On 18 October 1935, the Law for the Protection of the Hereditary Health of the German People required all prospective marriage partners to obtain from the public health authorities a certificate of fitness to marry. These were refused to anyone with a contagious disease.
On 14 November 1935, the first supplemental decree to the Nuremberg Laws defined ‘Jews’ not as members of a religious or cultural community but as a race defined by hereditary. This is a definition retained today by both the International Holocaust Remembrance Alliance and the State of Israel.
On 14 December, 1937, the Decree for the Preventive Suppression of Crime by the Police allowed the arrest and confinement in concentration camps of anyone engaging in asocial or criminal behaviour without requiring evidence of a specific criminal act. ‘Asocial’ was defined as anyone whose attitude did not fit with that of the racial community, including gypsies, prostitutes, pimps, tramps, vagrants, beggars, hooligans and the long-termed unemployed, whose identities were obtained from labour exchanges.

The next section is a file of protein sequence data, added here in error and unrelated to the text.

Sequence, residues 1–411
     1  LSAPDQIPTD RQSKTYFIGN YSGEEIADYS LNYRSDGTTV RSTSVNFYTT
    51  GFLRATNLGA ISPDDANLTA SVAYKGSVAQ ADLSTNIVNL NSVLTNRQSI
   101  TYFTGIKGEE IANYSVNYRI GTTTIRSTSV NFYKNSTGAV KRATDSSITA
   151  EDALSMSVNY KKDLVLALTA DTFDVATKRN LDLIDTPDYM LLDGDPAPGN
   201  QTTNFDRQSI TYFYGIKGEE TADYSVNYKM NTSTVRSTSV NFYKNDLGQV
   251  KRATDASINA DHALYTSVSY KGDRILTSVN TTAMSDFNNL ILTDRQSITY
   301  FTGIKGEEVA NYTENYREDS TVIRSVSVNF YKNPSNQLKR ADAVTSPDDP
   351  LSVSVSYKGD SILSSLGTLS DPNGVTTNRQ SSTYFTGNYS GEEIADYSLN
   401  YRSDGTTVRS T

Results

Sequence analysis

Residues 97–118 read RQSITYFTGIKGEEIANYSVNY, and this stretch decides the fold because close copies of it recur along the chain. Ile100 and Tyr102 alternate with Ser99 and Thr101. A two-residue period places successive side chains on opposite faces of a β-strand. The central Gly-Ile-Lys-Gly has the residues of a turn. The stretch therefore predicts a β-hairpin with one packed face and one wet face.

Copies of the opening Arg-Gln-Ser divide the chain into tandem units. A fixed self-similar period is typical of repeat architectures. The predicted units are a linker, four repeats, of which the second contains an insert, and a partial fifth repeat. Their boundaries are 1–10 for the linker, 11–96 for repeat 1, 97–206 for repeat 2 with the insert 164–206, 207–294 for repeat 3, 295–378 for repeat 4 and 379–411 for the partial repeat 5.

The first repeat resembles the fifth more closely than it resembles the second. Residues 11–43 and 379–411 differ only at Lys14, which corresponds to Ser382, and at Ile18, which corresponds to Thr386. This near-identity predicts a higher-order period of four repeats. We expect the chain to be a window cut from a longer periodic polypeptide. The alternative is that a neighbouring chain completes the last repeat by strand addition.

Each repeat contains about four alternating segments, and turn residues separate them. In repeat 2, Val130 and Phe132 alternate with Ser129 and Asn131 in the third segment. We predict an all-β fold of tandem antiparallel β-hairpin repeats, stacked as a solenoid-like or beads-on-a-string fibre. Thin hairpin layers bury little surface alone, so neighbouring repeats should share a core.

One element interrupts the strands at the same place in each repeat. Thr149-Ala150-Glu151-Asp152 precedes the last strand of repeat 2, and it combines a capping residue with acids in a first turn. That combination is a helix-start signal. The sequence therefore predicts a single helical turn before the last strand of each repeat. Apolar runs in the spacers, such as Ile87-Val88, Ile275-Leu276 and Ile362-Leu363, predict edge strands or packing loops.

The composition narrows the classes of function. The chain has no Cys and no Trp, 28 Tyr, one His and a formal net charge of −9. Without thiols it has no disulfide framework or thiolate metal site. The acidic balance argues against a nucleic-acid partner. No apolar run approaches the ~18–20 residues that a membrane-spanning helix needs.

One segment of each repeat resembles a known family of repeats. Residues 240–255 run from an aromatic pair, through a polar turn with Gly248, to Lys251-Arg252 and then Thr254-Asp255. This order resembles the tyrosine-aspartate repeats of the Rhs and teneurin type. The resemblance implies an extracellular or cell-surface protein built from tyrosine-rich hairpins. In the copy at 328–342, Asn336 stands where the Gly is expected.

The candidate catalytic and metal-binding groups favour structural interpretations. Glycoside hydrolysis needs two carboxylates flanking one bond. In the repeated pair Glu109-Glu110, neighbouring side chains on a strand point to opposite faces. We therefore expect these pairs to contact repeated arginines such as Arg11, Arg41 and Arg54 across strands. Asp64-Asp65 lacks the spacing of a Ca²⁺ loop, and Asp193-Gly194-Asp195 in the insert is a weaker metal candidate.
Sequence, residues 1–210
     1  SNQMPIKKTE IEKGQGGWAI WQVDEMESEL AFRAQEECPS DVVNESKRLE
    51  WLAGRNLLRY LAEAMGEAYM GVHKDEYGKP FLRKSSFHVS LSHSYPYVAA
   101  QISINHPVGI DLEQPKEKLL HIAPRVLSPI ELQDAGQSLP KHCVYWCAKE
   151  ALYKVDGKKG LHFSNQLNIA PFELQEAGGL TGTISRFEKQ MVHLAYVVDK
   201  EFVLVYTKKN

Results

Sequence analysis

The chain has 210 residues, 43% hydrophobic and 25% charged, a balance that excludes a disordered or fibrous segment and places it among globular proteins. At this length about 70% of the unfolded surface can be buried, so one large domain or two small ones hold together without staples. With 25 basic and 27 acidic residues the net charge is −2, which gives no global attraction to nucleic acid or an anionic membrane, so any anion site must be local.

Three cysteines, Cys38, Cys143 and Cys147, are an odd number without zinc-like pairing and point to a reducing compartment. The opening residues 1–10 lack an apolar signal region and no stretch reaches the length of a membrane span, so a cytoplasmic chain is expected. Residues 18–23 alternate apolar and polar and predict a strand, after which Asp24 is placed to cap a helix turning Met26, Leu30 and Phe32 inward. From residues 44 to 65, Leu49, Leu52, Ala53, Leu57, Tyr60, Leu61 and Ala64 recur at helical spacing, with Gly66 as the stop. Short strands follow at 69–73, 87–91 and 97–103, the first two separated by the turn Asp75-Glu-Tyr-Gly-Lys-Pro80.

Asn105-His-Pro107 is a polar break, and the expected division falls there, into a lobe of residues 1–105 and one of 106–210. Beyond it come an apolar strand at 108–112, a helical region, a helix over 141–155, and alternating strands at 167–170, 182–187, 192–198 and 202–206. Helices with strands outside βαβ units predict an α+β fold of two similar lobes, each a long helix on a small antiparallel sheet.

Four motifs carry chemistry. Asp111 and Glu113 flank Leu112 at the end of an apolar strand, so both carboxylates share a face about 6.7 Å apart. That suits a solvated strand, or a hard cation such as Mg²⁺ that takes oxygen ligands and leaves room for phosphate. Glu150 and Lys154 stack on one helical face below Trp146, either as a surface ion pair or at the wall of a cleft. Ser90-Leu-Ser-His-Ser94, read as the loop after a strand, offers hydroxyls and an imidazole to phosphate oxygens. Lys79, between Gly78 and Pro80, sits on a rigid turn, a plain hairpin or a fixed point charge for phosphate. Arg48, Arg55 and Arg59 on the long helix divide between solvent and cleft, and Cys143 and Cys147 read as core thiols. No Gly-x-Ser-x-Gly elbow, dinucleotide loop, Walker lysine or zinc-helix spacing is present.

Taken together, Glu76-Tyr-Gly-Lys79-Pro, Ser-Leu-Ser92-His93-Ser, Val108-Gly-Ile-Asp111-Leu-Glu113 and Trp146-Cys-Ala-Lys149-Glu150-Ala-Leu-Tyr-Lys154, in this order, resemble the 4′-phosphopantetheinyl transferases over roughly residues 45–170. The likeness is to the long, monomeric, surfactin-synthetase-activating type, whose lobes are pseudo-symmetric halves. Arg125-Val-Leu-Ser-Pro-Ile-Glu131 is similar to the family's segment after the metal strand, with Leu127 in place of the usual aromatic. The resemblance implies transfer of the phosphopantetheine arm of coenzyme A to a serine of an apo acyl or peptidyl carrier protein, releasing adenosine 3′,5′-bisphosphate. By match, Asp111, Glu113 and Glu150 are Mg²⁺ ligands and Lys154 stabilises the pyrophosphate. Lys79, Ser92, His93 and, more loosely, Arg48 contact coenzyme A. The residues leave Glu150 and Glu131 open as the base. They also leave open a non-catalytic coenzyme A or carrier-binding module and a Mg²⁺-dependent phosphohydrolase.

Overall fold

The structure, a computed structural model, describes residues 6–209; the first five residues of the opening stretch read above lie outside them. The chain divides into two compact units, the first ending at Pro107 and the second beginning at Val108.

On 11 July 1938, the Ministry of the Interior banned Jews from attending health spas in order to remove the risk of infection from a people defined by National Socialist medicine as vectors of disease both physical and moral.
On 23 July 1938, Jews were ordered to apply for Identification Cards which had to be shown to police or officials on demand. These were marked with a red letter ‘J’. On 17 August, Jews without Government-approved forenames were ordered to add the name ‘Israel’ (for males) or ‘Sara’ (for females) to their own.
On 3 October 1938, the Decree on the Confiscation of Jewish Property regulated the transfer of assets from Jews to non-Jews, forcing the former into penury and homelessness.
On 12 September 1938, Jews were banned from attending cinemas, concerts and the opera. Like the ban on health spars and sexual relations, this was a biosecurity ‘measure’ that reduced the former citizenship of German Jews to the bare life of ‘subjects of the state’.
On 12 November 1938, the Decree on the Exclusion of Jews from German Economic Life banned Jews from owning businesses, selling goods or services or having a trade, forcing them into bankruptcy, unemployment and poverty.